After President Trump signed the Tax Cuts and Jobs Act into law in December, the impact of the new tax law on plan sponsors, administrators, and participants are now coming into focus. There are two primary ways the tax bill could lead to employee benefit changes: The end of the individual mandate to purchase health coverage, and changes to tax deductibility of executive compensation.
The end of the individual mandate for healthcare coverage may lead to an increase in the number of employees and their family members who will not buy health insurance. If an employer does not offer healthcare benefits to all employees or restricts eligibility to certain employees who work a minimum number of hours, employers may consider expanding eligibility as a benefit to attract and/or retain workers.
However, the changes to the individual mandate do not affect an employer's requirement to provide health insurance under the Affordable Care Act. Employers with 50 or more full-time employees must still offer the minimum coverage requirements or face potential penalties. Employers are also still required to comply with the ACA's reporting obligations.
tThe tax law will also change executive compensation for some companies by eliminating the tax exemption for commission-based and performance-based pay. This change applies to the company CEO, CFOs, and three top salaried employees. Companies that previously took advantage of this significant tax exemption may want to re-evaluate their executive compensation packages for 2018.
Employees with employer-provided health coverage may not have enrolled their spouse or children in prior years because their family could have obtained coverage at a lower rate through some other program.
As insurance coverage rates change and program eligibility changes, family members may see a benefit in getting covered under their spouse's employer benefit plan. Employers may see a significant change in the number of participants during open enrollment periods in the coming year.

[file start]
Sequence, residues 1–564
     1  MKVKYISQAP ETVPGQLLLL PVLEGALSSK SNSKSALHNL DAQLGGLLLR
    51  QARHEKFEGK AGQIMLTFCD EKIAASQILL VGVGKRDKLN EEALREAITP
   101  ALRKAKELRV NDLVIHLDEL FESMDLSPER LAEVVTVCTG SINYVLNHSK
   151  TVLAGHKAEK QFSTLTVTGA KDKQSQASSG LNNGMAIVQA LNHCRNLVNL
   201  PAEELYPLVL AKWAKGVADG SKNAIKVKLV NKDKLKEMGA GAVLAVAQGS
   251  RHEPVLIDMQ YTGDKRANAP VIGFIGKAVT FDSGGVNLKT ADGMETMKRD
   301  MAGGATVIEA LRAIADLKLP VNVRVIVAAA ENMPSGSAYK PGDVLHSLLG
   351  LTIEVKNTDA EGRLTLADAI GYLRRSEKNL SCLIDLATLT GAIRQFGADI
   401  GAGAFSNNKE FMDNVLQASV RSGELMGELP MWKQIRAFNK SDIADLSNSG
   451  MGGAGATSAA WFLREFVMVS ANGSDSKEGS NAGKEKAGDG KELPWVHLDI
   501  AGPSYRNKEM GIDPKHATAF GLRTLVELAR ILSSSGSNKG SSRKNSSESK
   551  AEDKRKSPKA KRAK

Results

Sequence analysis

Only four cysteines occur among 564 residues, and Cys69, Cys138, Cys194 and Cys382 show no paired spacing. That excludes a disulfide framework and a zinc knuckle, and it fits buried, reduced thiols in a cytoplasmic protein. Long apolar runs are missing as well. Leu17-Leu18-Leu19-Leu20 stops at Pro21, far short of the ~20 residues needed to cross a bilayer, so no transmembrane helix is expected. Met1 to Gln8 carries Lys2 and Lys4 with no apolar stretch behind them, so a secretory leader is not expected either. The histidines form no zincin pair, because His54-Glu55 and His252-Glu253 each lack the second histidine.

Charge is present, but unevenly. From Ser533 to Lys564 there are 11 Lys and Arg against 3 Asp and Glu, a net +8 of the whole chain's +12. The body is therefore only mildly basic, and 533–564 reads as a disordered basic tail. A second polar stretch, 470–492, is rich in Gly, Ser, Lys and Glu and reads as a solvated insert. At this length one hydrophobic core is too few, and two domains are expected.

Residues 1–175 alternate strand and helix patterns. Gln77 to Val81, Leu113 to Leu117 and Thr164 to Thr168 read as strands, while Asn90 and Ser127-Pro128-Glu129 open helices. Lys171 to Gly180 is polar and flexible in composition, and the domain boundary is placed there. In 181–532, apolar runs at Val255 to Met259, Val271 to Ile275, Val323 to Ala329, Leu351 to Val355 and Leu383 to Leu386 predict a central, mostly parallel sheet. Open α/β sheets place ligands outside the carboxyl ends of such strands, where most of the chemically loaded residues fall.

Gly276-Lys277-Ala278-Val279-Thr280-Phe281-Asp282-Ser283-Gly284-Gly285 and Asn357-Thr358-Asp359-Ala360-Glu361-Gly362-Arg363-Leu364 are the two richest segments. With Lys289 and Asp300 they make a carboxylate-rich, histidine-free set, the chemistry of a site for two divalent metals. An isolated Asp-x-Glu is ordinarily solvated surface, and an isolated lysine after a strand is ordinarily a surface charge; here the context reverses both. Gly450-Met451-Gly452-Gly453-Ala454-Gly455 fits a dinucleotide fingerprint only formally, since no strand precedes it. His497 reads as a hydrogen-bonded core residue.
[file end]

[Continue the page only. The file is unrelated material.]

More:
Look out for higher premiums
Healthcare premiums will increase for a number of employers and employees in the coming year. For some employees, the increased cost of health insurance may lead to a change in healthcare plans during open enrollment. Increased costs in health benefits may also lead some employees to decrease contributions to retirement plans, life insurance or other employee benefits.
Before the New Year, many benefit plans send out notices to participants regarding changes that will go into effect. Unfortunately, when employees get too many e-mail updates and notifications throughout the year, they often disregard these important notices.
As a result, employees may later lodge complaints regarding a change in benefits they were otherwise unaware of. Employers should be ready to field questions from employees regarding changes to their individual benefit plans and know where to direct employees to get the answers they need.
With each New Year come the inevitable changes to employee benefits that affect plan sponsors, administrators, and participants. Employers and plan administrators should review all relevant changes to make sure they understand the new rules and the impact of employee benefit changes in 2018.
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